Support for a "strong pro-European consensus" will grow in the UK, Gordon Brown has claimed.
Speaking in Scotland, the chancellor said the government was seeking to build a future where Britain was "engaged and leading" in Europe.
In the fevered atmosphere at Westminster - even with MPs on a parliamentary break - his comments will be seen as an attempt to dampen speculation of a rift with Tony Blair over the impending decision over the euro.
Mr Brown refused to be drawn on the debate over the currency, simply repeating his mantra that the test of UK membership was whether it is in the national economic interest.
We wish to build for the future engaged and leading in Europe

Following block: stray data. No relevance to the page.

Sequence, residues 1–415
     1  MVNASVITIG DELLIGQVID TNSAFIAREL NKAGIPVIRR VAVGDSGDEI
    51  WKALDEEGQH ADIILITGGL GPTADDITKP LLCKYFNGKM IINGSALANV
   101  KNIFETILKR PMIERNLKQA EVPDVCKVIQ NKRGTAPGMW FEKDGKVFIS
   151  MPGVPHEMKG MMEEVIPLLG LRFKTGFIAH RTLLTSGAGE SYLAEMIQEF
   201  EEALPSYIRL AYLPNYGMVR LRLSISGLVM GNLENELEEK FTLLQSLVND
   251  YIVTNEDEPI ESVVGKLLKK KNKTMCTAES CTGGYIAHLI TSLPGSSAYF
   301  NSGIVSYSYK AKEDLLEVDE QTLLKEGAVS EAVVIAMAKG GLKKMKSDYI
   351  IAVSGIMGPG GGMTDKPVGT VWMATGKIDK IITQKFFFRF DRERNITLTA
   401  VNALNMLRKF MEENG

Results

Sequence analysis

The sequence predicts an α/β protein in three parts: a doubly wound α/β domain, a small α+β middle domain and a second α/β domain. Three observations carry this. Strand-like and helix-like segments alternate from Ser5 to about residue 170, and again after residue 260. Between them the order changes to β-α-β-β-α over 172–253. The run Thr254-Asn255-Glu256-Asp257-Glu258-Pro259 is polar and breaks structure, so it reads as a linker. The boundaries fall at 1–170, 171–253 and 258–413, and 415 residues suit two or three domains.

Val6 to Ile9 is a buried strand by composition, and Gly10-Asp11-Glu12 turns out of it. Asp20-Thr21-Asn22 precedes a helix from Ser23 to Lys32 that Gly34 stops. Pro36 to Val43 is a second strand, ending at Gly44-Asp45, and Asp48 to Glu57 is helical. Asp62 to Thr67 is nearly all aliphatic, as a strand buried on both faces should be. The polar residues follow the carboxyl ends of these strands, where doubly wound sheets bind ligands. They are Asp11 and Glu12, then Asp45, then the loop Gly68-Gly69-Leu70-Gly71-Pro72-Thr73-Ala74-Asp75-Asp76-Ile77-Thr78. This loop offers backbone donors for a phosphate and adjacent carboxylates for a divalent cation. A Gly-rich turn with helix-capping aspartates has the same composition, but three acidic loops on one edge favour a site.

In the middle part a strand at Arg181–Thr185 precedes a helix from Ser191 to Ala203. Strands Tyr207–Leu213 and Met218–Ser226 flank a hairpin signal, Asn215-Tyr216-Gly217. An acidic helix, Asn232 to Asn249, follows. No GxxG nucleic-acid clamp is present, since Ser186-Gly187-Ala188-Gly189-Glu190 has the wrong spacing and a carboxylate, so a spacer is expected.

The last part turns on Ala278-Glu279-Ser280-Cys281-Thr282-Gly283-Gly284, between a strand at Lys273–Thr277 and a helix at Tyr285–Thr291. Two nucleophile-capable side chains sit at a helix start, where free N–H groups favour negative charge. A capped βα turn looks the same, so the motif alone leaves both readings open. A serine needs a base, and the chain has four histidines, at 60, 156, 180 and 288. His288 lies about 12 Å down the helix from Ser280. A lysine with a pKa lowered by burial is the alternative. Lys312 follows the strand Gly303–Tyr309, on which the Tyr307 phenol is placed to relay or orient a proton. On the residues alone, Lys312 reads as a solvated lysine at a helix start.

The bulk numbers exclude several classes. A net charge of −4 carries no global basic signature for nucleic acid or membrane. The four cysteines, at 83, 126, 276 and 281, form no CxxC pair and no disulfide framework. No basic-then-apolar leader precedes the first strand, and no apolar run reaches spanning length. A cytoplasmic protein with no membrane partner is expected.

But he did again stress the need for economic reform in the European Union.
Using the first anniversary of the first ferry link between Scotland and the continent as a symbol of European unity, Mr Brown said it made "economic sense to build a strong pro-European consensus" in the UK.
"We wish to build for the future engaged and leading in Europe," he said at the opening of a new ferry terminal at Rosyth on the Firth of Forth.
"Sixty-five per cent of Scottish exports go the EU. More than half of
Britain's trade is with Europe.
"So it is not simply for reasons of history and geography, but for good
economic sense to build a strong pro-European consensus in Britain."
'Widen and deepen'
He said that consensus would support EU enlargement, stronger trading links with the rest of the world and a recognition that the test for euro membership must be based on the Treasury's five economic tests.
"I believe that this pro-European consensus can widen and deepen in the times
to come," he added.
The comments come after Mr Blair said he believed the UK was more in favour of closer European ties than opinion polls suggested.